San Diego, Calif.-based Volcano revealed in Securities & Exchange Commission filings Monday that Welling’s firm purchased some 5.1% shares of VOLC stock and is demanding changes at the company, including revisions to management compensation packages, a $200 million share buyback and calling for the company to resist acquiring any more companies to focus solely on "organic growth."
"We do not intend to address that filing on today’s call or take questions about it," Volcano CEO R. Scott Huennekens said on an earnings call with investors. "We obviously have seen the 13D and appreciate and take very seriously the perspectives of our shareholders. We intend to address the 13D at an appropriate time in the future."
Volcano officials reported an $8.5 million loss on $95.8 million in sales for the 3-month period ended Sept. 30, down considerably from a $1.98 profit on $93.6 million in sales for the same period last year.
On Monday, Welling told Bloomberg that his firm has been in discussions with Volcano management since June and that he sees the company as under-valued and a potential take-over target.
"Volcano is a very attractive acquisition candidate for the large medical device players within the cardiac space," Welling told the news service. "We don’t believe they should sell themselves today – once the stock is more fairly valued, and once they’ve achieved some of the targets."
In SEC filings Engaged Capital credited Volcano’s management team with doing "an outstanding job building market-leading franchises in both IVUS and FFR. Consistent operational execution led to the Issuer’s meeting or exceeding consensus revenue expectations in 22 of the first 23 quarters that the Issuer was a publicly traded company."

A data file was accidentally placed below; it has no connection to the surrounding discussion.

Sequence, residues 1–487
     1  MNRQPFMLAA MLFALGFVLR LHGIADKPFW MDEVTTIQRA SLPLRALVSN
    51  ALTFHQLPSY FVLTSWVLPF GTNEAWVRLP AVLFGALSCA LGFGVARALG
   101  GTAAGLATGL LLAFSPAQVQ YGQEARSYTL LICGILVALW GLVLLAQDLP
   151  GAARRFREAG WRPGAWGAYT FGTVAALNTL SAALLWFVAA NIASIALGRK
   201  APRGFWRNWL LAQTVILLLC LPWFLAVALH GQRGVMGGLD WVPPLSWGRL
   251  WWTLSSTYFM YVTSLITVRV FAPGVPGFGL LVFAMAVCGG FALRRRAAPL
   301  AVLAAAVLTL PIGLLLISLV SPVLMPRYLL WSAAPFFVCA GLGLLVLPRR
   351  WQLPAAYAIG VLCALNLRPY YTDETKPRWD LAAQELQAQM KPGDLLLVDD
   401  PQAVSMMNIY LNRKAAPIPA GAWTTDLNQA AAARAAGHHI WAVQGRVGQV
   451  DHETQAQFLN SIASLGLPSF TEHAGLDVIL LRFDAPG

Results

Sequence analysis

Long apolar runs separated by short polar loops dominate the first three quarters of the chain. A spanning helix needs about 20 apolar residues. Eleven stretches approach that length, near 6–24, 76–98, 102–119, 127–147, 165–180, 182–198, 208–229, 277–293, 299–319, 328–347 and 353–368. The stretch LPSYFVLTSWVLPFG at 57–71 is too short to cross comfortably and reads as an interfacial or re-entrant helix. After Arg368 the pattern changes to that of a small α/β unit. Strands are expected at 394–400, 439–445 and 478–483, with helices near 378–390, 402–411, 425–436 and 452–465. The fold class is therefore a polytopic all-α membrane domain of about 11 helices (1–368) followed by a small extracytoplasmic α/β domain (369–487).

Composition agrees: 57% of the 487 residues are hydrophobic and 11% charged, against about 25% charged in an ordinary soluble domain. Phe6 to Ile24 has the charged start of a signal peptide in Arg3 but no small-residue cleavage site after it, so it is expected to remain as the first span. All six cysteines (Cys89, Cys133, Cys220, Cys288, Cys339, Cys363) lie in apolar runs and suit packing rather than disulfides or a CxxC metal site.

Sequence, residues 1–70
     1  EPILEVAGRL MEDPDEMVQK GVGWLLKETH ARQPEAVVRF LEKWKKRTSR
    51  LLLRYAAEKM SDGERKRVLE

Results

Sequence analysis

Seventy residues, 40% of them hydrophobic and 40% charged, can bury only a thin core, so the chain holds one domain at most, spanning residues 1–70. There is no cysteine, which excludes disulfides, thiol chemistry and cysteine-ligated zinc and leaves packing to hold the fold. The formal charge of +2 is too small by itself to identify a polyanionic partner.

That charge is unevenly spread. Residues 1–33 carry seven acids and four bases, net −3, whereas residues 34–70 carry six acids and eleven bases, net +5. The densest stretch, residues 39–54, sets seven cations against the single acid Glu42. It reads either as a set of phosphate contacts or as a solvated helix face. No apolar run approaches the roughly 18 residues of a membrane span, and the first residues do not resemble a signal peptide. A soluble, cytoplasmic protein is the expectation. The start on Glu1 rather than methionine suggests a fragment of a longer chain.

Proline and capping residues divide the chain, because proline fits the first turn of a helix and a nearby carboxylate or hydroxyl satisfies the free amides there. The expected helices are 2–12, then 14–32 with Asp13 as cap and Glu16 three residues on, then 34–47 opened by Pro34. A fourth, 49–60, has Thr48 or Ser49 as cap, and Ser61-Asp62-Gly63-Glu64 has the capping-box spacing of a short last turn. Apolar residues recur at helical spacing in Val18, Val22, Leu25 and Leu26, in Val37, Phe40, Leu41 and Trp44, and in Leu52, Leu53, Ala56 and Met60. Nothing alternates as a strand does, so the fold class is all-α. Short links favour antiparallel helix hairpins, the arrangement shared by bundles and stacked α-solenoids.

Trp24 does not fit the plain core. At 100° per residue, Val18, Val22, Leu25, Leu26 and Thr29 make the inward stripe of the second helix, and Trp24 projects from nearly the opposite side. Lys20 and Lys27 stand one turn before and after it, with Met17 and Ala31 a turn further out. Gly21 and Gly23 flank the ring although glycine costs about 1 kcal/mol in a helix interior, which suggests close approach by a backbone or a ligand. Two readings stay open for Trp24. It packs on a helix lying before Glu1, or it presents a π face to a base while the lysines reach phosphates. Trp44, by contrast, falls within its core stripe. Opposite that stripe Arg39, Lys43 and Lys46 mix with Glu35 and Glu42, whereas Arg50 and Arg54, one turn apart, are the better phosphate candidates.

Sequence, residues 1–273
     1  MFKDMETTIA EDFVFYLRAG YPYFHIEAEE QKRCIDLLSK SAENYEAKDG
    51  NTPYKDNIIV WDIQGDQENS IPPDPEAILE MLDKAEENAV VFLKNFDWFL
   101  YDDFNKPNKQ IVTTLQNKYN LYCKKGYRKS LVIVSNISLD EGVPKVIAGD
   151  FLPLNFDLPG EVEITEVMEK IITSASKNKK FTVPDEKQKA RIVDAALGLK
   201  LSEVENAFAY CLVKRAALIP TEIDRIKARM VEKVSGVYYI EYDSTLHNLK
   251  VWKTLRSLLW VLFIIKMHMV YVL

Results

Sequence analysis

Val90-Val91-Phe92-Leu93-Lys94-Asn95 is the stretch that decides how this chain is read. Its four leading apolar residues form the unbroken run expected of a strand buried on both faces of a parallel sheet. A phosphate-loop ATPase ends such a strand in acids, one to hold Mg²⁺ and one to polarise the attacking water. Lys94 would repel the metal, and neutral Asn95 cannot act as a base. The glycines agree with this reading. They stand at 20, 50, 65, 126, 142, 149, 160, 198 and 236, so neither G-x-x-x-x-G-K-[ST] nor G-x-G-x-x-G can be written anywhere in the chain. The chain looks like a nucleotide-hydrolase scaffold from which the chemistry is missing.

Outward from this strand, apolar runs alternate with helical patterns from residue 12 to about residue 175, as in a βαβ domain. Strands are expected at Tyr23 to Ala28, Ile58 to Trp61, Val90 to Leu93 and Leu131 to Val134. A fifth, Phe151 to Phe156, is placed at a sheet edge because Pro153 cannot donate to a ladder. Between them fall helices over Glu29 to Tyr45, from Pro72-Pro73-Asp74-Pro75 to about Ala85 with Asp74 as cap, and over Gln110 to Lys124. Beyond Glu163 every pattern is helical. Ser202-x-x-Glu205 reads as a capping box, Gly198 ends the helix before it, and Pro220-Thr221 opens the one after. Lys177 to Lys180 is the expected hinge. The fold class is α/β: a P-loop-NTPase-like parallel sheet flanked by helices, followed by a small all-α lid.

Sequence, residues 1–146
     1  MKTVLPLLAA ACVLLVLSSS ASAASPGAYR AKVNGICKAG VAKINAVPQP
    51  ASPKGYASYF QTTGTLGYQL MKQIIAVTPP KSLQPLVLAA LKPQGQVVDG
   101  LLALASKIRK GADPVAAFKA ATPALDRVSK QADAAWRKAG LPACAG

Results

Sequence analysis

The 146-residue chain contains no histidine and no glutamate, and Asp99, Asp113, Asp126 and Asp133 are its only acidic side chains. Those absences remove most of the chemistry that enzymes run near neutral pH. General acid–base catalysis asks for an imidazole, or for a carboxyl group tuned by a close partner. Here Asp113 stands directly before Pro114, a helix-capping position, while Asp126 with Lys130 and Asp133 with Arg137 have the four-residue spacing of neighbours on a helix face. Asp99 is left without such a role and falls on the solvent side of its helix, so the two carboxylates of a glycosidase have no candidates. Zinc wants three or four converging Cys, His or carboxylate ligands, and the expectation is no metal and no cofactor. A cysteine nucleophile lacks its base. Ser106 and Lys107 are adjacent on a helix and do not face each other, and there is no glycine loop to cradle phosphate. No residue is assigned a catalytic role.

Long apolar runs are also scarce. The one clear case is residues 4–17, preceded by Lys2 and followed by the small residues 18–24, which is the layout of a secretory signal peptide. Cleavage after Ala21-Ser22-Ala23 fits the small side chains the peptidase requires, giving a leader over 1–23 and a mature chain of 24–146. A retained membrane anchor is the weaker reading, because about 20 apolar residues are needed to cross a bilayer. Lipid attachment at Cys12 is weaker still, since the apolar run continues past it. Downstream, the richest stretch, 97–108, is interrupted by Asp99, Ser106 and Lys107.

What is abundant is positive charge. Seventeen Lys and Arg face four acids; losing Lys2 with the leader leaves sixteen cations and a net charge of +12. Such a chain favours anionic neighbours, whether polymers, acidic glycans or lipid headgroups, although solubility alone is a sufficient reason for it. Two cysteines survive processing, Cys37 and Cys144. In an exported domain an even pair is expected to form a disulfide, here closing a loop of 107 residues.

Engaged officials added, however, that "recent operating results have failed to meet analyst expectations, as the Issuer has delivered quarterly revenues that have fallen short of consensus estimates in six of the past seven quarters. Further, the Reporting Persons note that management has reduced full-year constant currency revenue guidance in 4 of the past 6 quarters. As a result, investors have grown skeptical of management’s assertions that the Issuer can deliver sustainable low-to-mid teens revenue growth."
Engaged officials said they were concerned that a recent $500 million convertible debt financing, executed last year, left the company "overcapitalized" and could result in Volcano making "dilutive acquisitions." Engaged officials said they didn’t have faith in the company’s long-range plan, which promises a return to double-digit sales growth over the next 5 years, suggesting instead that the Volcano should re-allocate $200 million of the company’s cash towards buying back shares of VOLC stock.
Engaged further took issue with executive compensation packages, recommending that Volcano "include metrics that are more closely associated with shareholder value creation, such as EBITDA, free cash flow ("FCF"), return on invested capital ("ROIC"), and total shareholder return."
Newport Beach, Calif.-based Engaged Capital was founded by Welling in 2012 with an $85 million seed investment from Grosvenor Capital Management. The fund was created to serve "as stewards of shareholder’s capital and believe by working constructively with company management and the Board we become a catalyst for positive change," according to its web site.